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Birthplace of the Renaissance, Florence was once the epicentre of the intense growth, innovation, artistic abundance and scientific discovery that swept across Europe in the mid-14th century. Inspired by a renewed interest in ancient Greek and Roman cultures, medieval values were eschewed in favour of new philosophies and modes of living that saw the beginnings of humanistic thought and an immense cultural shift.
The ideals of the Renaissance seeped into every part of ; it was a confluence of art, philosophy, science and literature that culminated in some of history’s most important works of art and scientific discoveries.
More than a third of the world’s most valuable art pieces reside within the remnants of the city walls; salient works include Michelangelo’s David, Caravaggio’s Medusa and Botticelli’s Birth of Venus. Renaissance notions of order, beauty and rationality are demonstrated in the city’s architecture; perfectly symmetrical domes, courtyards, arcades and fountains. A short walk through the city’s historic centre will take you past countless museums and churches including the Uffizi Gallery (home to the world’s largest collection of Renaissance art), Galleria dell’Accademia (for Michelangelo’s David) and Il Duomo di Firenze.
Climb to a lookout point and you’ll recognise the archetypal image of Florence: terracotta rooftops, rolling Tuscan hills, the prominent outline of the Duomo and the flowing Arno river that divides the city. A series of bridges connect the historic city centre to the south bank, including the iconic Ponte Vecchio. Marked by the overhanging shops that line its edges, locals say the bridge escaped damage in World War II because Hitler thought it too beautiful to destroy.
The Oltrarno District on the south side of the river, is slightly more removed from the hoards of tourists that descend year-round. Once overlooked, it has seen a revival in recent years. Residential dwellings are interspersed with trattorias, wine bars, artisanal boutiques and antique shops, along with hip cafés and bars set in restored medieval buildings.
Although the tourist traps are inevitable, our guide to Florence aims to entice you away from the obvious and towards the alternatives that the modern day city provides.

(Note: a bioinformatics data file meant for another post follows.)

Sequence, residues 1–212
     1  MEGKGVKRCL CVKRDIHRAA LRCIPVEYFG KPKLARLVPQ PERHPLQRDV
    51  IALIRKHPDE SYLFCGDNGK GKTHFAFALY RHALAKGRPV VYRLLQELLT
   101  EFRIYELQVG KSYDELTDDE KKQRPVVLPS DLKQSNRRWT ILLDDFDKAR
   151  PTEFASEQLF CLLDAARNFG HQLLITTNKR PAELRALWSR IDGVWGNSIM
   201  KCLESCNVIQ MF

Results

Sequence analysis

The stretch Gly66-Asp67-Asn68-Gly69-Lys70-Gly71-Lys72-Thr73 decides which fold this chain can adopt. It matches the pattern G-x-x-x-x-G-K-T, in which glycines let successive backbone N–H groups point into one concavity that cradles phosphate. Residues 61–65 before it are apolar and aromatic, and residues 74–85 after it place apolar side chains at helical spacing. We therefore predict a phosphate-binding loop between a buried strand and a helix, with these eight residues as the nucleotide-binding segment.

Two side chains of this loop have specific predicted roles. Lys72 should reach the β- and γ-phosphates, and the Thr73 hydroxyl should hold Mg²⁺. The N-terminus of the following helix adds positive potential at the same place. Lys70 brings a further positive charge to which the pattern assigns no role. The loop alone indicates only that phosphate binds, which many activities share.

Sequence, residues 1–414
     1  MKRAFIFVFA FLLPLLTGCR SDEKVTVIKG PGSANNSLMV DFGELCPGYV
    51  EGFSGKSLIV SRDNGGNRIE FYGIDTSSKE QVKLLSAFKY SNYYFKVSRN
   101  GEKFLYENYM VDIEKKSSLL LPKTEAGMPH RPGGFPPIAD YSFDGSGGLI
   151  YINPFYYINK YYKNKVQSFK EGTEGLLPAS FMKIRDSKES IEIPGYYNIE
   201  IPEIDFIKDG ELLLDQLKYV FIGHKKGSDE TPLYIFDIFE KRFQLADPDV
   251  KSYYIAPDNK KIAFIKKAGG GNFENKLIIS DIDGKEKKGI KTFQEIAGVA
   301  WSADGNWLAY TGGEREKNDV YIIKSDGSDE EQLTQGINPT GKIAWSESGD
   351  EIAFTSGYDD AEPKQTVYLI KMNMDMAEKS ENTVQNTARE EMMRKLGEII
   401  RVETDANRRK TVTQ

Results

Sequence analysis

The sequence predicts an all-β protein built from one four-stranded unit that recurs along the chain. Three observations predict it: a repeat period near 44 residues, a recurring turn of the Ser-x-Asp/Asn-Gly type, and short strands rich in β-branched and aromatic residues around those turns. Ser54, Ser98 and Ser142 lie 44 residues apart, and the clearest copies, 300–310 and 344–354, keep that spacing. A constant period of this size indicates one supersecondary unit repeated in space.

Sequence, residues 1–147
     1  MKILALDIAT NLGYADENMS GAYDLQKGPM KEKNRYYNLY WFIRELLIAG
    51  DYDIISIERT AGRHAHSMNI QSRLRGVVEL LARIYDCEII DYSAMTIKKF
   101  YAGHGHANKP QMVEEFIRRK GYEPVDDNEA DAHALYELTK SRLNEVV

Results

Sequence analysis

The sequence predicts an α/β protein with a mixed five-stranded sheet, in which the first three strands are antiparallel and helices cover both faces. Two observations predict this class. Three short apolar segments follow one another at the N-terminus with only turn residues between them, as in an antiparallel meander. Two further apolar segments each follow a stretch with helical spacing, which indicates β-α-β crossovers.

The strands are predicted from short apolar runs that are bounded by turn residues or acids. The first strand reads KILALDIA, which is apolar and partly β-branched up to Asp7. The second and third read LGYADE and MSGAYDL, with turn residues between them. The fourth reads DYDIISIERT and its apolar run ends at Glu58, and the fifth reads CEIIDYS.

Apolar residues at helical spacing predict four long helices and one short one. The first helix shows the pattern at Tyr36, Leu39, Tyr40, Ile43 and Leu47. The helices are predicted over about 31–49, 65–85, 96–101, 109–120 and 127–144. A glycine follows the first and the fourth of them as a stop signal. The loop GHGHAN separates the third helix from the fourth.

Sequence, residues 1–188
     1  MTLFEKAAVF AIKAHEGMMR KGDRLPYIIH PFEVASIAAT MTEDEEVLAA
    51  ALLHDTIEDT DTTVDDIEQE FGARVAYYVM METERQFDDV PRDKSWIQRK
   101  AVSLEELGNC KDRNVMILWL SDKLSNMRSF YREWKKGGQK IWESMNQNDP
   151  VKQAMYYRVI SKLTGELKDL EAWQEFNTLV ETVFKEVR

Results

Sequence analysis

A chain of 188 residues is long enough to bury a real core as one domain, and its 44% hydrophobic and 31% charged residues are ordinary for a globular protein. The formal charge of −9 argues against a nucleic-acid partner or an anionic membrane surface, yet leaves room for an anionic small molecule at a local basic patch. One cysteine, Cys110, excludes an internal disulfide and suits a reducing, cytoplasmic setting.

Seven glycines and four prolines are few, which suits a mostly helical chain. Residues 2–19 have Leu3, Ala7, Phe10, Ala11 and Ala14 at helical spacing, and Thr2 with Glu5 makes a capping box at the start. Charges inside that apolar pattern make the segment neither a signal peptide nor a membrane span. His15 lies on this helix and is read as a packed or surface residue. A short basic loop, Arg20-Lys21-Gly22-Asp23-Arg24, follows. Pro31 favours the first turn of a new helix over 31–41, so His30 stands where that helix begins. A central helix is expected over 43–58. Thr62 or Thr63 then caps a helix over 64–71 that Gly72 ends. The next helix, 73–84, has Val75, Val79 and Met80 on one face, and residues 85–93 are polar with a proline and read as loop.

Centrally located in the city’s Oltrarno district, it’s barely recognisable as a hostel. Set in an old school hall, Tasso Hostel’s common area and bar has been transformed with industrial-style furnishing and a stage for live music. Events are held each weekend; expect parties, live music, open-mic nights and poetry readings.
- +39 055 060 2087
- Go to Website
Offering an idyllic panorama of the city skyline from its rooftop garden bar, Palazzo Guadagni is a boutique hotel with a historical feel. Set in a 16th-century palace, it features antique furniture, frescoed ceilings and grand fireplaces in some of the rooms.
- +39 055 265 8376
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A bed and breakfast set in an historical palace, SoprArno Suites was created by an architect, a carpenter, a designer-calligrapher and a lawyer “with a passion for vintage furniture”. Artwork is carefully selected for each space, and each room is uniquely furnished; antiques from Tuscany and around the world are paired with original pieces such as a fire hydrant-turned-lamp.
- +39 055 046 8719
- Go to Website
Set in an ancient mill that dates back to the 13th century, La Martellina is surrounded by nature. This bed and breakfast is 5km out of Florence on the Arno river, but well-connected by bus routes and a bike path along the river. Rooms are decorated with antique furniture and wide wooden shutters open on to a picturesque view of the surrounding valley.
- +39 335 768 4675
- Go to Website
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